Countering Asian and Asian American Discrimination as a Dimension of Foreign Policy
In March 2021, eight people were shot and killed at massage parlors in Georgia, six of whom were women of Asian descent. In 2020 alone, anti-AAPI attacks rose 150 percent in the United States. One of the tragic effects of the Covid-19 pandemic has been the rise in anti-Asian American and Pacific Islander (AAPI) hate crimes. While anti-AAPI attacks have circulated in recent news stories, Asian American discrimination sadly has a long history in the U.S.
Discrimination is not only morally repugnant but is antithetical to U.S. values and global credibility as a moral leader. Our modern-day partners and allies have worked with the U.S. in part because of our government's commitment to our professed ideals and how we treat all people in American society.
CSIS is pleased to host this discussion during AAPI National Heritage Month. CSIS affiliates and career government officials will recall their own experiences as Asian Americans working in foreign policy. The event will explore strategies to address AAPI discrimination and discuss the stakes in U.S. foreign policy and international development.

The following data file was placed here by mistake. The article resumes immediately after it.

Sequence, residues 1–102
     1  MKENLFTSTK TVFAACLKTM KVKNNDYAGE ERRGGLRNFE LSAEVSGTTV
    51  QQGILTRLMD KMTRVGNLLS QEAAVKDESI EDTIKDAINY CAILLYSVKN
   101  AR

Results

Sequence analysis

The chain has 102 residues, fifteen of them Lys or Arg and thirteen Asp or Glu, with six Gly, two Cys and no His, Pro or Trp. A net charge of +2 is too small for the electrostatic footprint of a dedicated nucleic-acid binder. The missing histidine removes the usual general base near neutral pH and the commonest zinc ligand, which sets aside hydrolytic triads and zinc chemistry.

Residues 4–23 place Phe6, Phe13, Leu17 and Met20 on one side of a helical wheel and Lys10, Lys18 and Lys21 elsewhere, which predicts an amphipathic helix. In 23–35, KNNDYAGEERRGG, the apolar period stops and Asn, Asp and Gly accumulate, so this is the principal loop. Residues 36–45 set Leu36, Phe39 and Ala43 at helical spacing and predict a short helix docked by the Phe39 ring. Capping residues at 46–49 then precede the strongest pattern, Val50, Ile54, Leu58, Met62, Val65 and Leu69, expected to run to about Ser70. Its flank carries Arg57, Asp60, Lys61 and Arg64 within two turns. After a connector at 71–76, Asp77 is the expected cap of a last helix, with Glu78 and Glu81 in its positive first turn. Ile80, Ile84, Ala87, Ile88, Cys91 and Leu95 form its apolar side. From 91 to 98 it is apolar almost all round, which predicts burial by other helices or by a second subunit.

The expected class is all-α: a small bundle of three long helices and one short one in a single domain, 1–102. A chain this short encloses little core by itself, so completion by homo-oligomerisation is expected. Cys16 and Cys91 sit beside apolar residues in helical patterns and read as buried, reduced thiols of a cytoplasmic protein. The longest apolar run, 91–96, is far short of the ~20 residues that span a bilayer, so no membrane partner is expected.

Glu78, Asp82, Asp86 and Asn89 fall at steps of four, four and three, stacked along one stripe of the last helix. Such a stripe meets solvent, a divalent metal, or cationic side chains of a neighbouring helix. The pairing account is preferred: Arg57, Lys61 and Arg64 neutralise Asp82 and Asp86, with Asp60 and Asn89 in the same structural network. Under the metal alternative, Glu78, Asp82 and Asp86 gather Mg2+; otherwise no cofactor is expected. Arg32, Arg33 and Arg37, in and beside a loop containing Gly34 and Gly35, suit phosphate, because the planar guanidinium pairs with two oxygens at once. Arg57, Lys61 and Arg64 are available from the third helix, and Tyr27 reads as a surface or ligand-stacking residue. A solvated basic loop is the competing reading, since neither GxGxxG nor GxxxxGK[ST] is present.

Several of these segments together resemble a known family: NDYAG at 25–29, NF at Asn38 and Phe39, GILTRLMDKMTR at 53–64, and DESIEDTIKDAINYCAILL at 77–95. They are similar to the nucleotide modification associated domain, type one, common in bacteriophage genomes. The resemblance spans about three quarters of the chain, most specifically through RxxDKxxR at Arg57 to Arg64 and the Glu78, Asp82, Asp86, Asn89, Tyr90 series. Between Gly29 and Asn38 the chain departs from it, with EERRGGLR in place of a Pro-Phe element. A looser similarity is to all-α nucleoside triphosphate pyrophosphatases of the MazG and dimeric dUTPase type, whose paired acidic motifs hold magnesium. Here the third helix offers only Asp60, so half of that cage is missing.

Nicole Breland Aandahl, Director, Diversity and Leadership in International Affairs Program
Michael J. Green, Senior Vice President for Asia and Japan Chair
Jason Chung, Senior Adviser (Non-resident), Project on Prosperity and Development
Colonel Jenny McGee, Senior Advisor (Non-resident), Project on Prosperity and Development
Jessica Lee, Senior Research Fellow, Quincy Institute
Nilmini Rubin, Senior Associate (Non-resident), Project on Prosperity and Development
Masao Dahlgren, Research Assistant, Missile Defense Project
This event is made possible through general support to CSIS.